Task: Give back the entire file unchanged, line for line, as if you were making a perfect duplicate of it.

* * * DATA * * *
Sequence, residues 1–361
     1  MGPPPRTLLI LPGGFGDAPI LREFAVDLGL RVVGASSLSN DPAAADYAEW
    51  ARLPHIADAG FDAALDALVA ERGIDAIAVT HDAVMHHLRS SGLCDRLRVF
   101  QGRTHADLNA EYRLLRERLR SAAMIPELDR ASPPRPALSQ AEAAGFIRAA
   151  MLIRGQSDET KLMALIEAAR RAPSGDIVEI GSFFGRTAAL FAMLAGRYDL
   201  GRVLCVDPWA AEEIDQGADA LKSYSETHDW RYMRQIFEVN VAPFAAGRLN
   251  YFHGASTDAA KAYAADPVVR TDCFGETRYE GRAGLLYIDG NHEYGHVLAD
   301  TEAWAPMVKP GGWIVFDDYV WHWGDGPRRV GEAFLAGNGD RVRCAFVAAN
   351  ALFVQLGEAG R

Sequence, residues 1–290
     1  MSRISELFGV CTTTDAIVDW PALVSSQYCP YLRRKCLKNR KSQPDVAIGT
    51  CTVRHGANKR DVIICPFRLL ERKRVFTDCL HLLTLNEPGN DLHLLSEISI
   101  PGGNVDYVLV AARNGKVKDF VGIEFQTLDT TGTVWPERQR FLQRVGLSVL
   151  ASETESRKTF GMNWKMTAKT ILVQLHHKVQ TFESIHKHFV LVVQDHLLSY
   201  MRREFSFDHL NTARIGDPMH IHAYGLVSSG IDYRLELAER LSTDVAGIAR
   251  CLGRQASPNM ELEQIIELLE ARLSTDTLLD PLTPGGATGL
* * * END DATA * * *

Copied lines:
Sequence, residues 1–361
     1  MGPPPRTLLI LPGGFGDAPI LREFAVDLGL RVVGASSLSN DPAAADYAEW
    51  ARLPHIADAG FDAALDALVA ERGIDAIAVT HDAVMHHLRS SGLCDRLRVF
   101  QGRTHADLNA EYRLLRERLR SAAMIPELDR ASPPRPALSQ AEAAGFIRAA
   151  MLIRGQSDET KLMALIEAAR RAPSGDIVEI GSFFGRTAAL FAMLAGRYDL
   201  GRVLCVDPWA AEEIDQGADA LKSYSETHDW RYMRQIFEVN VAPFAAGRLN
   251  YFHGASTDAA KAYAADPVVR TDCFGETRYE GRAGLLYIDG NHEYGHVLAD
   301  TEAWAPMVKP GGWIVFDDYV WHWGDGPRRV GEAFLAGNGD RVRCAFVAAN
   351  ALFVQLGEAG R

Sequence, residues 1–290
     1  MSRISELFGV CTTTDAIVDW PALVSSQYCP YLRRKCLKNR KSQPDVAIGT
    51  CTVRHGANKR DVIICPFRLL ERKRVFTDCL HLLTLNEPGN DLHLLSEISI
   101  PGGNVDYVLV AARNGKVKDF VGIEFQTLDT TGTVWPERQR FLQRVGLSVL
   151  ASETESRKTF GMNWKMTAKT ILVQLHHKVQ TFESIHKHFV LVVQDHLLSY
   201  MRREFSFDHL NTARIGDPMH IHAYGLVSSG IDYRLELAER LSTDVAGIAR
   251  CLGRQASPNM ELEQIIELLE ARLSTDTLLD PLTPGGATGL